The dynamics, and numbers, shift when we expand the conversation from different-sex to same-sex dating.
Obviously the lesbian dating market is unaffected by how many men there are, just as the dating market for gay men is unaffected by how many women there are.
As I argue in “DATE-ONOMICS: How Dating Became a Lopsided Numbers Game,” the college and post-college hookup culture is a byproduct, not of Tinder or Facebook (another target of modern scolds), but of shifting demographics among the college-educated.
Much as the death toll of WWI caused a shortage of marriageable men in the 1920s, today’s widening gender gap in college enrollment has created unequal numbers in the post-college dating pool.
But according to separate research by University of Pennsylvania economist Jeremy Greenwood and by UCLA sociologists Christine Schwartz and Robert Mare, educational intermarriage is less common today than at any point over the past half century.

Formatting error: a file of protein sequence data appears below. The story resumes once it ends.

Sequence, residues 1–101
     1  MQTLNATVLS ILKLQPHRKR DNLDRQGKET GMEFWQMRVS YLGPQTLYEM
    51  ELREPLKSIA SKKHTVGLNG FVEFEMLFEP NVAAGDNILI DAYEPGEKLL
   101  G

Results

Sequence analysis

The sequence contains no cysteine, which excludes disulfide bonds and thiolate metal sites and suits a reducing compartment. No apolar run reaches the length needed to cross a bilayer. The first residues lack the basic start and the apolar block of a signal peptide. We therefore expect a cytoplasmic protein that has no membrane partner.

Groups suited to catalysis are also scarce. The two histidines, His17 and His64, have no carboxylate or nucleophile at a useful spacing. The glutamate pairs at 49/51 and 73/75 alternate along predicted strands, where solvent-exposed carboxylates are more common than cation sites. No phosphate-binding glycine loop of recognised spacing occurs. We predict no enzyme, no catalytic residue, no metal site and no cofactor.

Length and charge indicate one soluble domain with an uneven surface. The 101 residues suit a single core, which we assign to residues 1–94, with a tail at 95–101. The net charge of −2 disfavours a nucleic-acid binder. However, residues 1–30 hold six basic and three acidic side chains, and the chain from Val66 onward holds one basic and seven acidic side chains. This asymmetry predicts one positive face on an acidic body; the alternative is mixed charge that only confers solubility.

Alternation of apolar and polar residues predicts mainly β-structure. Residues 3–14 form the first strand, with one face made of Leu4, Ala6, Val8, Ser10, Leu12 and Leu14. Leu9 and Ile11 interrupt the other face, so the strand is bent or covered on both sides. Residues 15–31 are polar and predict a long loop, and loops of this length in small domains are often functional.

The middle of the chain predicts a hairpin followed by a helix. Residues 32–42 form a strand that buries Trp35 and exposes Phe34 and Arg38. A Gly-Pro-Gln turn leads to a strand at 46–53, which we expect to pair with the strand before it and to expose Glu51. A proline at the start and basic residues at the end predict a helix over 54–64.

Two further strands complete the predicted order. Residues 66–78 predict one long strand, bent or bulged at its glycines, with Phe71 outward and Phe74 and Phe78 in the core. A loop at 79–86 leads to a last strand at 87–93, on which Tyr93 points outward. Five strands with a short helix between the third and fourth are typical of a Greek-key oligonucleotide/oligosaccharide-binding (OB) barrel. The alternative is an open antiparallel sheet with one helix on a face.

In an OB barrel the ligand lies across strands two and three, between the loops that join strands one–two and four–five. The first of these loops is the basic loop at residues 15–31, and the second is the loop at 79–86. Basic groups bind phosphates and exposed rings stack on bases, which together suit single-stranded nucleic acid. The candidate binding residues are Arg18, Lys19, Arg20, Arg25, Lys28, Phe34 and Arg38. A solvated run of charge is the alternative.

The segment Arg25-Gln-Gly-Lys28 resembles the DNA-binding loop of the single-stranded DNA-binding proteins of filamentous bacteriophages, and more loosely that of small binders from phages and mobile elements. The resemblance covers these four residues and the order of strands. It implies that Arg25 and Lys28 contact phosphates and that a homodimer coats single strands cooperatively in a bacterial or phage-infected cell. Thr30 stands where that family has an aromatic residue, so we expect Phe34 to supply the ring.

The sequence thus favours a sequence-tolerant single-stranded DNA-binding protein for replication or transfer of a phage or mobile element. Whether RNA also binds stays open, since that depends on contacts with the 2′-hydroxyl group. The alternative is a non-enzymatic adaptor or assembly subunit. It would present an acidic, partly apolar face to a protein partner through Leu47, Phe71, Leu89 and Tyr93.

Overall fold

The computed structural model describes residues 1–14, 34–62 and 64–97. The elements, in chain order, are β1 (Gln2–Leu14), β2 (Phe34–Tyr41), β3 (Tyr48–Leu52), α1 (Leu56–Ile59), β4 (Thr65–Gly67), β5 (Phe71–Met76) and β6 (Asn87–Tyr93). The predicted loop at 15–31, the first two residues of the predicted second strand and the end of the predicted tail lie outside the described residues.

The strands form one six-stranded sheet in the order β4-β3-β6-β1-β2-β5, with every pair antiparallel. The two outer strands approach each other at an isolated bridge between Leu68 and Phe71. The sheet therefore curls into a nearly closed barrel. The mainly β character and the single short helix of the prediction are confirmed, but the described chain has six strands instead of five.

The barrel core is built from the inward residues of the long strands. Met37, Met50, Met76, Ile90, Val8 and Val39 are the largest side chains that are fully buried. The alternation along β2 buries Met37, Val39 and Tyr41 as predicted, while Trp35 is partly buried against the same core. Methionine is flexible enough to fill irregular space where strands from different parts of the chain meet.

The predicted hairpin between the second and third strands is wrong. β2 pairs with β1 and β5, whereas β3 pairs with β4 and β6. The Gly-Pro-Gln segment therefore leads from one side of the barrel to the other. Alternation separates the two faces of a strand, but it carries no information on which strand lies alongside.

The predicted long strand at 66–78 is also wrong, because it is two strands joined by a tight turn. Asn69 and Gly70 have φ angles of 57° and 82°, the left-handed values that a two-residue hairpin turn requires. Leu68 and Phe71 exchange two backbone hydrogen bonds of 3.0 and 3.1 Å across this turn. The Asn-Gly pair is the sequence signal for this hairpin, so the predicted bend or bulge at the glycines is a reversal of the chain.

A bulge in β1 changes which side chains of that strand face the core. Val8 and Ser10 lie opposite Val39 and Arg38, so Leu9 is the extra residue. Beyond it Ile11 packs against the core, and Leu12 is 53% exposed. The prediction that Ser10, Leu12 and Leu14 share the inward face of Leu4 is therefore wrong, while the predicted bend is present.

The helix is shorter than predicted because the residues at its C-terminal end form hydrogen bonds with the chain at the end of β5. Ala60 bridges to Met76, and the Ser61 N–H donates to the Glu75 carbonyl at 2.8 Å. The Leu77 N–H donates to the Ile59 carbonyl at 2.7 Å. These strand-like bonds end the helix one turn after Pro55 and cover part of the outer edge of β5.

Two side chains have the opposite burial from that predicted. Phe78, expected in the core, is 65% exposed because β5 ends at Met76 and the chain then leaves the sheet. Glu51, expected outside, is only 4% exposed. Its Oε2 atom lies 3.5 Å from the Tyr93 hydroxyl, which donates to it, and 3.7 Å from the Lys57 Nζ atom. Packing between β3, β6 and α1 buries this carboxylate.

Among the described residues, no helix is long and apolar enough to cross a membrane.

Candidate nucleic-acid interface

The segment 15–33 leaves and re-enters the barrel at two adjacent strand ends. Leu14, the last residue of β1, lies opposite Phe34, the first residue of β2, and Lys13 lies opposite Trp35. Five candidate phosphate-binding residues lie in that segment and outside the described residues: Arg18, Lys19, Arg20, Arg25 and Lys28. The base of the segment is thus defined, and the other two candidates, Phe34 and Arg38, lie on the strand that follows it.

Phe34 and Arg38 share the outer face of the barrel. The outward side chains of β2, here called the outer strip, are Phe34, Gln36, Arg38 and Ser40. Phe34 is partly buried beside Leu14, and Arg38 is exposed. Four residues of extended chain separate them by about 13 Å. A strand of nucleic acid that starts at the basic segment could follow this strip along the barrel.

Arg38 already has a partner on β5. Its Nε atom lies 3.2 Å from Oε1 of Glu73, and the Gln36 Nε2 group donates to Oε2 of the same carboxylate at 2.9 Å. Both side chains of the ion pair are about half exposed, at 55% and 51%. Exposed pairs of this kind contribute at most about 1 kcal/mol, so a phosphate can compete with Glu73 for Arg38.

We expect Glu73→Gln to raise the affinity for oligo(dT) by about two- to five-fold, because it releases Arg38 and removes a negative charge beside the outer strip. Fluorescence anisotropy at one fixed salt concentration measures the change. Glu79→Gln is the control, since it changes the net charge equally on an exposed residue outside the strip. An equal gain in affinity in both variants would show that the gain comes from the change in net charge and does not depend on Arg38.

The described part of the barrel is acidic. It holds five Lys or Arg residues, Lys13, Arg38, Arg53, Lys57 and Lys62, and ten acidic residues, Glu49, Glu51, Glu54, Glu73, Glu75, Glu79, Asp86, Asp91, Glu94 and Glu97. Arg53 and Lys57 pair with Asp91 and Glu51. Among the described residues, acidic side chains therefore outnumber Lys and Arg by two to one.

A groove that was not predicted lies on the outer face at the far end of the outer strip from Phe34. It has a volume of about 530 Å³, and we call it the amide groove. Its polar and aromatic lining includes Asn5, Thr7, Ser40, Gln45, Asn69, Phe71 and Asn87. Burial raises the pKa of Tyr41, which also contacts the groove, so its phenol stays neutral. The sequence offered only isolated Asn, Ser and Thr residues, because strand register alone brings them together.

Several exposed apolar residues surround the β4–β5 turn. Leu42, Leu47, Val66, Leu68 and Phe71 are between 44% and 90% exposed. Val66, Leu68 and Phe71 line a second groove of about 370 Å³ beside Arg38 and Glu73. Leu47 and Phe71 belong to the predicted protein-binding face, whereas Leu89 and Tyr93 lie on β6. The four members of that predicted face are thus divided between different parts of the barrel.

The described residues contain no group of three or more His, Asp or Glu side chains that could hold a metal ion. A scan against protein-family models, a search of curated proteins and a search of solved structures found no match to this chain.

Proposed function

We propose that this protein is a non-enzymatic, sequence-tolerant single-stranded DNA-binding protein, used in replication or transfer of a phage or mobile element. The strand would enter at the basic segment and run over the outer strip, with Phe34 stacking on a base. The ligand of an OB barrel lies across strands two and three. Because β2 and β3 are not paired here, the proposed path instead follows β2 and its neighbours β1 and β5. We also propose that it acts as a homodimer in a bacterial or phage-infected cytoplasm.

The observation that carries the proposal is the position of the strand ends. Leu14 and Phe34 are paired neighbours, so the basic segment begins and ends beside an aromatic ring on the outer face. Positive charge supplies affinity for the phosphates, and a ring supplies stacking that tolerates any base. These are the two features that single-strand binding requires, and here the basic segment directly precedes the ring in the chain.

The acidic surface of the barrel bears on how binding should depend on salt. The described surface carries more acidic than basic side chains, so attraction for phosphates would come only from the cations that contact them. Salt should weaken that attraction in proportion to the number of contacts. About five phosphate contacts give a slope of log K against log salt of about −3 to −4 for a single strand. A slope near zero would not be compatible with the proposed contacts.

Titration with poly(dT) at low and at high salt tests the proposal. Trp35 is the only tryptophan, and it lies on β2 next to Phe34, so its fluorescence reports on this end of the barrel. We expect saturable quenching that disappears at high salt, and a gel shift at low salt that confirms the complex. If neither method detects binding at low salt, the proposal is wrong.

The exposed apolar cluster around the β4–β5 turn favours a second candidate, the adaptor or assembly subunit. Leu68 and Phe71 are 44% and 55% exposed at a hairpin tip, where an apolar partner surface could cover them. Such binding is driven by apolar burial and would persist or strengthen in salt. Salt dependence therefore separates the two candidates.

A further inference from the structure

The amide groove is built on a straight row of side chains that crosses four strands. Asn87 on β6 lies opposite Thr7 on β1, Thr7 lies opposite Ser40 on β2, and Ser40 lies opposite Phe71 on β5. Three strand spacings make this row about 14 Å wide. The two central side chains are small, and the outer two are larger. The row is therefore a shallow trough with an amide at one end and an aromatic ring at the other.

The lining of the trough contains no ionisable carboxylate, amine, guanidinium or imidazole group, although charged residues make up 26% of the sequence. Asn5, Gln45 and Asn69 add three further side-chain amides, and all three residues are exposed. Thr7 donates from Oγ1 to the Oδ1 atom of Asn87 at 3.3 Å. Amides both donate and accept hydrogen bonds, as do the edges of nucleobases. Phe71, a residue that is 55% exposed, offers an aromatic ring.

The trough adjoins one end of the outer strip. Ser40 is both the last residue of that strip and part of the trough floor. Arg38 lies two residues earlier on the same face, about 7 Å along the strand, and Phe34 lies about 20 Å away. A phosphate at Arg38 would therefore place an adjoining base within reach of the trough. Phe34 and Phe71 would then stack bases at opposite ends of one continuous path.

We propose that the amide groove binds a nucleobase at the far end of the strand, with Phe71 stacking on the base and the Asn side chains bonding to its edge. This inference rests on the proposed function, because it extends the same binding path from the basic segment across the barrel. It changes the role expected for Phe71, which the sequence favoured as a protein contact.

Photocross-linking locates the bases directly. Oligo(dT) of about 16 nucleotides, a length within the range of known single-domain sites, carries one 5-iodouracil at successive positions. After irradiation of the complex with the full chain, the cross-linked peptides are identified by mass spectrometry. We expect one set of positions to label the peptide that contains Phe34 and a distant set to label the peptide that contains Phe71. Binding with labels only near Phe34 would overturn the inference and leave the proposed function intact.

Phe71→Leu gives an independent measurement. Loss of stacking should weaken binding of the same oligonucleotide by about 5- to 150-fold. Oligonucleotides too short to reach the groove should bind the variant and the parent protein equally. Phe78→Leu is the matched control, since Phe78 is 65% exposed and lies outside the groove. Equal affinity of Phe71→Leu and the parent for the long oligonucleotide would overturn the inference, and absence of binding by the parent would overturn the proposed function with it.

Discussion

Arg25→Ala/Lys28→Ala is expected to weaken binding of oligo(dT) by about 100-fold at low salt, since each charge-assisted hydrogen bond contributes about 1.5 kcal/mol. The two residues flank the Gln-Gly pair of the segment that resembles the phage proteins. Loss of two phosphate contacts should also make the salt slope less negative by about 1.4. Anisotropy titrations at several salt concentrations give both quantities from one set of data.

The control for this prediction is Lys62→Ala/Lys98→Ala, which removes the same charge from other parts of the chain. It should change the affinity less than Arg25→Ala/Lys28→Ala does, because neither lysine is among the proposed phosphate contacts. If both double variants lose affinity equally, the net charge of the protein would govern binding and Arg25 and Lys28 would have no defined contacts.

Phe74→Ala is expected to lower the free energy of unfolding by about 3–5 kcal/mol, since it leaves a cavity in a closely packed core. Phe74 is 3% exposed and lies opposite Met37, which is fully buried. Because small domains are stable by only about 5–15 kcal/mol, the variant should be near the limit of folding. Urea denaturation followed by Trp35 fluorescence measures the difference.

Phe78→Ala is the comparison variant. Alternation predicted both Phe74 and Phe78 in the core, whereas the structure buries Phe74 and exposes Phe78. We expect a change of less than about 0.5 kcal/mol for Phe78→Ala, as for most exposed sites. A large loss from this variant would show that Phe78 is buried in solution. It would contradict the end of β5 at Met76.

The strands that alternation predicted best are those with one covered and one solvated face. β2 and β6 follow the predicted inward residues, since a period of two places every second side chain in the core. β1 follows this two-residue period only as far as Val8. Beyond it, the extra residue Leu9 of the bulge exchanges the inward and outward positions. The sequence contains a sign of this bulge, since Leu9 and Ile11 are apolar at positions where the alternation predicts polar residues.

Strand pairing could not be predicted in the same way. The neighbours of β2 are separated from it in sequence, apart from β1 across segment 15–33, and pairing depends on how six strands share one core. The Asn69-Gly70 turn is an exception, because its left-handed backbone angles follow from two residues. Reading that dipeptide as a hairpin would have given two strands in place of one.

There are too many women and they’re all too easy to make it worthwhile.” I was reminded of this while reading Vanity Fair’s much-publicized piece, “Tinder and the Dating Apocalypse,” which naively blames today’s “hookup culture” on the popularity of a three-year-old dating app.Similarly, in a dating pool that starts out with 140 women and 100 men, the gender ratio among those still single soars from 1.4:1 to more than 2:1 once half the women get married.Another solution (at least for the frustrated women interviewed by Vanity Fair) would be to quit Manhattan, which is one of the worst dating markets in the country for educated young women.When there are plenty of marriageable men, dating culture emphasizes courtship and romance, and men generally must earn more to attract a wife.But when gender ratios skew toward women, as they do today among college grads, the dating culture becomes more sexualized.